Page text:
Pro-independence supporters to walk 500 miles to Westminster

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A 500-mile march by independence supporters set off from Holyrood today, aiming to arrive at Westminster the day before the UK is due to leave Europe.

Protesters, 54-year-old Wren Chapman from Strathaven and Karl Claridge (49) from Glasgow, also plan to plant a “Yes stone” on College Green outside the House of Commons when they arrive in London.

Last year's 500 Mile march saw hundreds of pro-independence supporters take to the streets.

Last year's 500 Mile march saw hundreds of pro-independence supporters take to the streets.

Taking inspiration from The Proclaimers' song, the pair, who took part in the original 500 mile walk from Portree in Skye to Edinburgh last year, say they have devised a “scenic” route which will take in places of importance in Scottish history, such as Derby, to ensure they walk “500 more”.

Ms Chapman, who is a mental health advocate, said: “We always said after walking 500 miles, we would walk 500 more and now is the time to do it when Scotland is faced with being taken out of the EU against our will. This is a pro-independence, pro-EU march, and while there won’t be the same numbers of people as last year, it’s just as important.”

Admitting the march is small scale compared to the one in 2018, Mr Claridge, an actor, said they were inspired to hit the road again after being angered by Nigel Farage’s 280 mile “March to Leave”.

“The man is a charlatan. He wanted Brexit but still sits as an MEP drawing his EU salary,” he said. “It’s time the people of Scotland and our opinions got as much coverage. Scotland voted to Remain, yet Scotland is being ignored again. We are both originally from England but we are Scots and we are Europeans.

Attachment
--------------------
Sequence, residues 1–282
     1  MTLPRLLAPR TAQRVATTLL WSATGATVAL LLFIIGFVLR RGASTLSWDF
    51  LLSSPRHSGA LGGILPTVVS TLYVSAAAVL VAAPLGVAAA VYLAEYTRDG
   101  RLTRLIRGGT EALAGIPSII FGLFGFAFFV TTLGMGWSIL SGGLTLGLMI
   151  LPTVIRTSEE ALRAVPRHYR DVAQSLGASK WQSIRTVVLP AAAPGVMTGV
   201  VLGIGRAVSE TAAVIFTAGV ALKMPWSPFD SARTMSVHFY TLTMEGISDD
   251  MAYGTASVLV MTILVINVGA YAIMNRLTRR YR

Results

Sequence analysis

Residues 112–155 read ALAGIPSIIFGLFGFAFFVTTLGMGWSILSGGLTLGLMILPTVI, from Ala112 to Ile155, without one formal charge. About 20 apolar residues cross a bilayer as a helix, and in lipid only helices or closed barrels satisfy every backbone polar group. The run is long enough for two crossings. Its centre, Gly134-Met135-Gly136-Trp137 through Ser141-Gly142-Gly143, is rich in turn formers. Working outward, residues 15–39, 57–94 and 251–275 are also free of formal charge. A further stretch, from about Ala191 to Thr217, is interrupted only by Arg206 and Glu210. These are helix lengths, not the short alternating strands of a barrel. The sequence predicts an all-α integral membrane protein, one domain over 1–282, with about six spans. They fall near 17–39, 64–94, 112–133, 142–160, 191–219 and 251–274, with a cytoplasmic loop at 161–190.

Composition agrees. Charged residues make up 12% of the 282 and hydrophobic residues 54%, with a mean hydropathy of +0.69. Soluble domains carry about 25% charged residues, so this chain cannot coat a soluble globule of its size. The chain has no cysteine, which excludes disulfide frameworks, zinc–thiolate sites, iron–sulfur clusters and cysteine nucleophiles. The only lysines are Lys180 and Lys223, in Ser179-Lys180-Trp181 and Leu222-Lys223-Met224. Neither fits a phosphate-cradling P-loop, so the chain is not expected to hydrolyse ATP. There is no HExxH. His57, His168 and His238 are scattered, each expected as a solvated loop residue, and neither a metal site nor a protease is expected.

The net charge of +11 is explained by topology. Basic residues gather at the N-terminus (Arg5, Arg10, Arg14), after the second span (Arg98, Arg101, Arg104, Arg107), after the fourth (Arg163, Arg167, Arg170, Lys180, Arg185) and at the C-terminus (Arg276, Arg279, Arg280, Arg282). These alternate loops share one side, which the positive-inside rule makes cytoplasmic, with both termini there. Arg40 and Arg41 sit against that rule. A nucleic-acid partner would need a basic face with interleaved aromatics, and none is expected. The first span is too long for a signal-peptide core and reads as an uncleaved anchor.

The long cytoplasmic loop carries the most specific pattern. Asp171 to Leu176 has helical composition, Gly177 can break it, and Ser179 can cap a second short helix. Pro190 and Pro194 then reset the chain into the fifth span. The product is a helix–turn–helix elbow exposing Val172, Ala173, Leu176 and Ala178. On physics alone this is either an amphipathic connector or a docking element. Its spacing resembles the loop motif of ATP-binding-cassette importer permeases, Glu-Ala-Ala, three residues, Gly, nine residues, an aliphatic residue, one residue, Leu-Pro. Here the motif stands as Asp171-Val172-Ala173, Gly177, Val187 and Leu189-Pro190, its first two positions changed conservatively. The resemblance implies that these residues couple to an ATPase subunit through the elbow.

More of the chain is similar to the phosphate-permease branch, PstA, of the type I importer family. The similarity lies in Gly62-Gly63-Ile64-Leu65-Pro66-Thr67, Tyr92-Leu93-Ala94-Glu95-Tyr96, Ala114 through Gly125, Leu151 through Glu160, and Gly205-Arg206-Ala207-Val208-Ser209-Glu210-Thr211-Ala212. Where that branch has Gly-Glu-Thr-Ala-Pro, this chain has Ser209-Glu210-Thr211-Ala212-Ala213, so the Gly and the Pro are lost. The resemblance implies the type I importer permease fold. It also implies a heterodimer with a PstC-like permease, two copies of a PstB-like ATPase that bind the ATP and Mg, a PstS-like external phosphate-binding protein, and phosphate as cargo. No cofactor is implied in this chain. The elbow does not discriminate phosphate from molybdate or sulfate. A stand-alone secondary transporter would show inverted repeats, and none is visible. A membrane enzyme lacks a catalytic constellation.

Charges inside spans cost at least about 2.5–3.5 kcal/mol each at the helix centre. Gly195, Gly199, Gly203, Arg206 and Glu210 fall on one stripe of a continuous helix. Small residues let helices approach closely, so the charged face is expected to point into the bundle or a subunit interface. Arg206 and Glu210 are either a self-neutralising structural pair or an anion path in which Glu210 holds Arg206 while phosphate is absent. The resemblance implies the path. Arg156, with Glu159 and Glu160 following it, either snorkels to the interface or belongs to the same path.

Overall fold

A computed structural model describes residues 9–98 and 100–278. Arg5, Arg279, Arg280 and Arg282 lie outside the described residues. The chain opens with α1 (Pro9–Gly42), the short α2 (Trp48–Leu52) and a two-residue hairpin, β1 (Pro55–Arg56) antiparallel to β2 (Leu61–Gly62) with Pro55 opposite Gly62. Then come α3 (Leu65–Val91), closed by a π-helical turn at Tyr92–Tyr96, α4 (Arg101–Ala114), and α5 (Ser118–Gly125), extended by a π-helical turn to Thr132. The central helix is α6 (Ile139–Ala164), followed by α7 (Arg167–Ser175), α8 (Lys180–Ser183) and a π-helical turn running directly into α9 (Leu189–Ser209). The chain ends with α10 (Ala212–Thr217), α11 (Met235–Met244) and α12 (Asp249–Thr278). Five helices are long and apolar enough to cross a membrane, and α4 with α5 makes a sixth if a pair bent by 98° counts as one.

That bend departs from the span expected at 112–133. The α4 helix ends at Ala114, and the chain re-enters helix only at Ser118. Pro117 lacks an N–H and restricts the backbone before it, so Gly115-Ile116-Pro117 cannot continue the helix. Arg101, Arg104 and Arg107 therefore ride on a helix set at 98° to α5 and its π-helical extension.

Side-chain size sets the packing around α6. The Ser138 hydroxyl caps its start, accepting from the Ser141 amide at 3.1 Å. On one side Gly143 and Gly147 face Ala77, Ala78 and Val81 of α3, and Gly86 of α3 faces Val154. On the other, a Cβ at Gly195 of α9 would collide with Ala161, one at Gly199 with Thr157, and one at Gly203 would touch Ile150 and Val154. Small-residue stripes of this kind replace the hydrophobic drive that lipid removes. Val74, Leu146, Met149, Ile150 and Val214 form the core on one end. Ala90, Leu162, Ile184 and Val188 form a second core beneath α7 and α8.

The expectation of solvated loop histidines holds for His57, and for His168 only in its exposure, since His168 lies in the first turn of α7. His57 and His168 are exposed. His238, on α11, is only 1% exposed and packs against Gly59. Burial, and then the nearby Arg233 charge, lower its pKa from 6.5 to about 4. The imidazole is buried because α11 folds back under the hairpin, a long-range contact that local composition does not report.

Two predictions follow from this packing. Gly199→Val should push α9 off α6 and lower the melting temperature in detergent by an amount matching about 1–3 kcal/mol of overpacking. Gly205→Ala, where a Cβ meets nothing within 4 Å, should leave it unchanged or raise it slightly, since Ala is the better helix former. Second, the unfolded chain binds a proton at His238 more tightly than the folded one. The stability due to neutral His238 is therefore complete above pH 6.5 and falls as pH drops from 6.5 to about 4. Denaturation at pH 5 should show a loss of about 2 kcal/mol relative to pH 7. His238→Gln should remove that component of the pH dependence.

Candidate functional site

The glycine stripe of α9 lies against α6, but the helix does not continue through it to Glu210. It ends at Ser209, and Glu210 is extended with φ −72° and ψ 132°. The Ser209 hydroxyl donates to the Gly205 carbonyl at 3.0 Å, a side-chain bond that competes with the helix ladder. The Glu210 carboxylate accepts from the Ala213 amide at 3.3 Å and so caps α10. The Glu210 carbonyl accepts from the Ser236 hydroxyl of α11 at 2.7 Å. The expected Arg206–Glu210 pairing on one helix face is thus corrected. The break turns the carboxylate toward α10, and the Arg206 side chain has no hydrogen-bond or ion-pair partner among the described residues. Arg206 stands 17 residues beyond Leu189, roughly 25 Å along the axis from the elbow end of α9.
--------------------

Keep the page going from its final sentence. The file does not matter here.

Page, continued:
“We are going to Westminster to add our voices to staying in the EU, but also to demand independence. We're starting out as a pair but we hope to be joined by many others along the way.”

Asked about last week’s remarks by deputy SNP leader Keith Brown that “if we want to have a referendum, then we decide we’re going to have a referendum” and the emphatic “no” by Foreign Secretary Jeremy Hunt to the possibility of a second independence vote, Mr Claridge said: “The Tories have lost all credibility. Everything Theresa May says is contrary to the last thing she said. No-one can take anything they say seriously.

“Keith Brown is right that it’s time for a referendum. I trust Nicola Sturgeon, and all the travelling she’s been doing recently - you don’t do that if you’re planning to be part of a greater England. She’s playing her cards close to her chest but is giving us a subliminal message.”

The pair plan to arrive in Westminster on March 28 “even if we’re crawling by that time”, said Ms Chapman.

She added: “It is just the two of us but we do have a logistics team who will be there for back up should we need it. We will mostly be camping along the way though we have had offers of accommodation from friends as we make our way south.”